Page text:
Have a Project?
Get a Free Quote!
You can request a quote for your project or idea on-line. This is absolutely FREE
and does not obligate you in any way. get a free quote
| || |
Quality Assurance is an entire set of management and technical activities that ensure the product matches all requirements. In fact, QA is paramount at XTLabs, Inc. and everything we do comes down to Quality Assurance. The well-known diagram below best illustrates our approach towards improving our process and towards a constant increase in quality.
We understand Quality Assurance as continuous work on making our process smooth, predictable, and controllable. We think that it is very important to keep it "step-by-step"; in other words, not only the steps themselves are important, but also their sequence.
Let's take a moment to go into the details of each step:
All jobs on the project, on every level, start with planning. Everything begins with envisioning, specification on various levels, and plans.
Then comes the Do phase.
Here we have a defined policy on how things should be organized. We follow the basic principles of the Rational Unified Process (RUP) from Rational Technologies. This is a de-facto leading standard for software development methodology, employed by the best companies in the industry. Companies like Microsoft and IBM are partnering with Rational to make use of RUP and create joint products supporting RUP.
The core ideas of RUP (iterative development, sustainability to changes, careful QA and risk management, etc.) are very much suitable for our situation, in which we often work with dynamic business cases. On the diagram above, the horizontal trends represent activities. The graph shows the amount of activity spent in each phase. On the whole, the graph illustrates how various activities (efforts) are spent among various project phases.
This step is about checking to ensure whether what has been done meets planned requirements and specifications. Checking is done in various areas:
- Check specification: check existing functionality vs. planned specification
- Check scheduling: Planned scheduling vs. real milestones
- Check budget: planned resources and budget vs. time spent and invoices issued
The "price-time-functionality equation" is a powerful metaphor. Failing to set all three corners of this triangle on firm footing can mean high project risk. We carefully discuss each requirement and business constraint with the client to make sure we arrive at the most desirable 'triangle' for the client. Software Quality Control is a crucial part of the process. The testing facility (used in the first step) allows us to test our applications on various platforms, such as Windows, Windows 2000, Windows XP, Macintosh, and in UNIX -family (Linux, FreeBSD etc.) environments.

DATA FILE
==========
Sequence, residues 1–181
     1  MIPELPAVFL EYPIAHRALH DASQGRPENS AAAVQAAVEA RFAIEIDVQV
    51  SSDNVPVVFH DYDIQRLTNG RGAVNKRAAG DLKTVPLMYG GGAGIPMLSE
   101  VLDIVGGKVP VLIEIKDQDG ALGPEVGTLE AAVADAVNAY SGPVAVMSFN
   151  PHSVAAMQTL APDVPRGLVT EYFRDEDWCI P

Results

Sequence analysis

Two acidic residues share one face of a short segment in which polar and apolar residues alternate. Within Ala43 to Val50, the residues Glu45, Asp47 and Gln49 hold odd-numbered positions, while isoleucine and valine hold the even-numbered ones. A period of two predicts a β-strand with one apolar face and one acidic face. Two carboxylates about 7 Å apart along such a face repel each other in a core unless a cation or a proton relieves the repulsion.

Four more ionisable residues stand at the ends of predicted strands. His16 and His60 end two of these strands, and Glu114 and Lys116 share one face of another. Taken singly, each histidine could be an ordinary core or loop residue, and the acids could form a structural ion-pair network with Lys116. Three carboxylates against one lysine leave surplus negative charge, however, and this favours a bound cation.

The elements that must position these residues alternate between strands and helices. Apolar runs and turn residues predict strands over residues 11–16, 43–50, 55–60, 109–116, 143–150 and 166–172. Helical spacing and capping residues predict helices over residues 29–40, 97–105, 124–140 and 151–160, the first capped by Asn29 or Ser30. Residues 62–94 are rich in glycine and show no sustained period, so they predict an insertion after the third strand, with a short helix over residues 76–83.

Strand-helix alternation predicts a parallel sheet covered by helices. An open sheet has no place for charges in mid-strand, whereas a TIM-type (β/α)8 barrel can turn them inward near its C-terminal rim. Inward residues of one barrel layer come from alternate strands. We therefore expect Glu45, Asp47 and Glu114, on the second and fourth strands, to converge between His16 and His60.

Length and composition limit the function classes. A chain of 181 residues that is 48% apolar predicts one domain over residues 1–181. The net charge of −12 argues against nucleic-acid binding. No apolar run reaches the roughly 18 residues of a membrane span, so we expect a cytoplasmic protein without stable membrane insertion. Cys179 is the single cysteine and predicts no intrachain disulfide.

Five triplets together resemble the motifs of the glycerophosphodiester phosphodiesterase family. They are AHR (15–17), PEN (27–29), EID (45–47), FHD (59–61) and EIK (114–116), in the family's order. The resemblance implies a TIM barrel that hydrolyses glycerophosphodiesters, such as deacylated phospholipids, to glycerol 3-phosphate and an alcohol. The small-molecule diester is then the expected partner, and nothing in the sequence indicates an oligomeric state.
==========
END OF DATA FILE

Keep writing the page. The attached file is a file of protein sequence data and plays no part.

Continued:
We run our products through a number of tests:
The following non-functional tests may be performed based on agreements with the customer:
- Functionality Testing - validation of the entire application, ensuring that there are no "invalid content," functionality, or application errors. For regression testing, tests may be partially automated.
- Interface Testing - checking of visual design in accordance with corporative standards.
- Usability Testing
- Website Integrity Testing (Web applications) - detection of broken links and "orphan pages"
- Specification Fulfillment Testing
- Coding Style Verification, based on corporate tester
- Outgoing Documentation Testing
- Performance, Load, Volume and Stress testing, Benchmark testing
- Compatibility and Portability Testing - Verification of software operation across different hardware and software configurations (operating systems, browsers) for which it was designed
- Database Operations Analysis - Monitoring of database activity, checking all queries and transactions between a Web application and SQL Server; identifying where and why transactions may be performing poorly.
The ACT step is about analyzing the results of the previous step (CHECK) and making appropriate decisions on how to improve the quality of the process or product.
The following are two examples of how this scheme is applied to the real process: on the coding level and on the management level.
• Coding A programmer needs to write a procedure. First, he plans the algorithm and defines the input and output parameters. Next, he writes the code - the "DO" part. Checking whether the procedure works correctly under various circumstances is the "CHECK" part. Subsequently, he decides whether this procedure should be included in the code repository.
• Management A project needs to be completed. First, the specs are written, the team assembled, and resources are allocated. Next, the development begins. Last of all come testing and bug-fixing, and only then the project is analyzed and documentation goes to the "knowledge base."
Our process may vary slightly depending on the particular customer, but the above are a few quality principles that we adhere to on all projects.